Consuming manhood : consumer culture and the identity projects of black and white millennial males

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2011-05

Authors

Thomas, Kevin Devon

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Abstract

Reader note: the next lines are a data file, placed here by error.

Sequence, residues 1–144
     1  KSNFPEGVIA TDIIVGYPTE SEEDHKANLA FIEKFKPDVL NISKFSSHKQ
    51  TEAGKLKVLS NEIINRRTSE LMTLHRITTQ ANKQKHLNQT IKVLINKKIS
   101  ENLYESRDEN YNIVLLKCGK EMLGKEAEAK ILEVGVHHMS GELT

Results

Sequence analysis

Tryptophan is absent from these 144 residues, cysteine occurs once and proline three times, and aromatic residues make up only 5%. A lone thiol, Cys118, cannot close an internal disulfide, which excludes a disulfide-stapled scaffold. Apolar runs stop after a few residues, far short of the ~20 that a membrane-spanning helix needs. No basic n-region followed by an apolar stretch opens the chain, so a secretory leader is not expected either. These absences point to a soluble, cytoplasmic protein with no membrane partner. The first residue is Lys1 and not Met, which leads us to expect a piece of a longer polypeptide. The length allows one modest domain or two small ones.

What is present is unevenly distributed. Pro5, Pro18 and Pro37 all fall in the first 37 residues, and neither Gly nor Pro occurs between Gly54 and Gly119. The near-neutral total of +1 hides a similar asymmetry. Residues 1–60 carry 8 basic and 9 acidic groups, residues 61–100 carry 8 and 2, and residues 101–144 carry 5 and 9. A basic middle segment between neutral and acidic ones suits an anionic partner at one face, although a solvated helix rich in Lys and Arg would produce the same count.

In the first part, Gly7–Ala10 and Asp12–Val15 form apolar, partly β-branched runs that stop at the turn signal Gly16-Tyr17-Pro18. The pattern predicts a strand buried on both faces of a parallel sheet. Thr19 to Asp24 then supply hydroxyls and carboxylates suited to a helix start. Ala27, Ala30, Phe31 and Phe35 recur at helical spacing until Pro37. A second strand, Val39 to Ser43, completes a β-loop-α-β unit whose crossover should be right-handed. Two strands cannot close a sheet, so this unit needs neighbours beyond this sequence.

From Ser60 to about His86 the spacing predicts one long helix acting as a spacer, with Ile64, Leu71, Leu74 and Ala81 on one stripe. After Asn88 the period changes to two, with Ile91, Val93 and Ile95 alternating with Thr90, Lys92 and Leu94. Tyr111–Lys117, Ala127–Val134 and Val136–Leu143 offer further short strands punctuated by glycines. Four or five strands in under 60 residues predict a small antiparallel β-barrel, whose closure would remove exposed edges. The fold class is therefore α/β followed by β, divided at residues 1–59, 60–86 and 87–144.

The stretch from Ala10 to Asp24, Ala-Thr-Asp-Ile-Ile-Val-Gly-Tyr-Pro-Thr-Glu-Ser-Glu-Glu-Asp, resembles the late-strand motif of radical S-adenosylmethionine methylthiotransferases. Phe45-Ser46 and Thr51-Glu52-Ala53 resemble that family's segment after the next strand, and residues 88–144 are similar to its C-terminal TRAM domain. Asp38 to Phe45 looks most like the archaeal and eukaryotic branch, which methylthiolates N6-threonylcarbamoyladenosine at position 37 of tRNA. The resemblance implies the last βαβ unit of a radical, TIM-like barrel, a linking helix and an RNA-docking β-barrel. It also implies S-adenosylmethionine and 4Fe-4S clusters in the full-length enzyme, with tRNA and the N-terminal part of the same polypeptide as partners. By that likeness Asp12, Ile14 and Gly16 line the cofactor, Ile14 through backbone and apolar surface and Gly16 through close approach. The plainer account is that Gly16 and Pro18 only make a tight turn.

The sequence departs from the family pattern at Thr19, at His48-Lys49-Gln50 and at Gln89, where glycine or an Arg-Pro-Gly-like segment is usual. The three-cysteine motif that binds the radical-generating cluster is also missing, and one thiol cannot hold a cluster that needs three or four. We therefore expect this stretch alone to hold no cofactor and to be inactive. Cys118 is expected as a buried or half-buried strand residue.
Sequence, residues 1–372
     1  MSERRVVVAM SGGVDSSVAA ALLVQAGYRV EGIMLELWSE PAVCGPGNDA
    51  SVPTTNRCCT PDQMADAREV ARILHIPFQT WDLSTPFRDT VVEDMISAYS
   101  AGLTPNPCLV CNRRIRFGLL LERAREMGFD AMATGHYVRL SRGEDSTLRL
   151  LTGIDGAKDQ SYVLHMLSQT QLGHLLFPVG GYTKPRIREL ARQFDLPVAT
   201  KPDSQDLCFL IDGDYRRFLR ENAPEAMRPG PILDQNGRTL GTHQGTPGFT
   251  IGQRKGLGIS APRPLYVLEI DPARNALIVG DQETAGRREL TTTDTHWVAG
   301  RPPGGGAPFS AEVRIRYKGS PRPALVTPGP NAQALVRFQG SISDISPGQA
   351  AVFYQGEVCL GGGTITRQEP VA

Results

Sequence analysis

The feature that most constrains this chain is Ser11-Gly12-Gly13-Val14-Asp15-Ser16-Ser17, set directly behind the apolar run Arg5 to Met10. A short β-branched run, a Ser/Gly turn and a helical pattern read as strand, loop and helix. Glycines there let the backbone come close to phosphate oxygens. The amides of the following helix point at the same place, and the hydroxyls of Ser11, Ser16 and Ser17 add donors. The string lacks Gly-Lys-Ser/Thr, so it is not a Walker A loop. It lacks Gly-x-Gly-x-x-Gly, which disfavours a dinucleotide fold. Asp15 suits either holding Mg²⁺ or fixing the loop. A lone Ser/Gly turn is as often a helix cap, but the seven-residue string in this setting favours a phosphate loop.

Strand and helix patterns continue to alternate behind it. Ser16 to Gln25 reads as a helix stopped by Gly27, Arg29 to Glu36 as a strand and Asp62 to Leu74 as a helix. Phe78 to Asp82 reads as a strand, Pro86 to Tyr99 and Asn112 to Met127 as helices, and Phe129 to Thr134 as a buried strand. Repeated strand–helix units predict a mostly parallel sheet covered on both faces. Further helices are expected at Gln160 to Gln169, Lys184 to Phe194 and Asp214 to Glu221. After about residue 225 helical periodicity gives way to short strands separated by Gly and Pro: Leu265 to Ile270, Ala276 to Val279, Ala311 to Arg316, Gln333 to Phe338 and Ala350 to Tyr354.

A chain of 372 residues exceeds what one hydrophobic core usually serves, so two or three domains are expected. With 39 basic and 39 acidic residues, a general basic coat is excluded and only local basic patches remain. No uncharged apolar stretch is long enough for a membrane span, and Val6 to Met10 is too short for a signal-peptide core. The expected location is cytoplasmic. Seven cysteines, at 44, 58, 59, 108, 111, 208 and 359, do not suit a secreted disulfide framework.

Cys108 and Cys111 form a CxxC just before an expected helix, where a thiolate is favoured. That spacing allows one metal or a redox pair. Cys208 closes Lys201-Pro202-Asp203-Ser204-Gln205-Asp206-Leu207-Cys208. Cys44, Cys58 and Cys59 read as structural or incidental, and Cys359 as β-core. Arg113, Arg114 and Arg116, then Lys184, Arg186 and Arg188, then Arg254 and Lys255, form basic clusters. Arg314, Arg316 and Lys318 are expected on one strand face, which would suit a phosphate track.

This study qualitatively examines the synergetic relationship between marketing communication, identity formation, and consumer behavior within the context of black and white males of the Millennial Generation. The sample consisted of 20 males between the ages of 18-29; ten self-identified as black and 10 self-identified as white. This project expands the knowledge base of consumption/identity research by incorporating intersectionality into the present body of consumer behavior work. A consumer’s identity project is far more complex than what is represented by current consumer behavior scholarship. Consumers must navigate multiple sites of identification that constantly shift in importance and involvement. To more closely reflect consumers in the flesh, this study incorporated multiple sites of identity projects into the analysis. By taking a more “true-to-life” approach to consumption/identity research, this project unearths new knowledge that is proximate to the lived experience of consumers. Consumer culture theory (CCT), a division of consumer research that moves the discussion of consumption behavior deep into the realm of cultural impact was used as the conceptual focus of this project. Autodriving was utilized to collect data. This form of photo elicitation involves the use of informants taking photos of a particular phenomenon and then “driving” the interview by discussing the photos they have taken. In the context of this study, informants were furnished a disposal camera and asked to photographically document representations of the following: achievement & success, morality, humanitarianism, nationalism, and freedom. Informants were strongly encouraged to also visually document anything that did not fit into the abovementioned categories but represented something they found particularly interesting or offensive. To examine the impact of marketing communication on the informants’ identity projects, print advertisements featuring different configurations of masculinity and manhood were explored. Three key themes emerged from the data. All informants used the marketplace to express values. The concept of identity elasticity was developed to explain the significant difference in identity potentiality between white and black informants. Many white and black informants shared the perception that they live in a post-racial society. However, the experience of a post-racial society was highly divergent based on racial formation.

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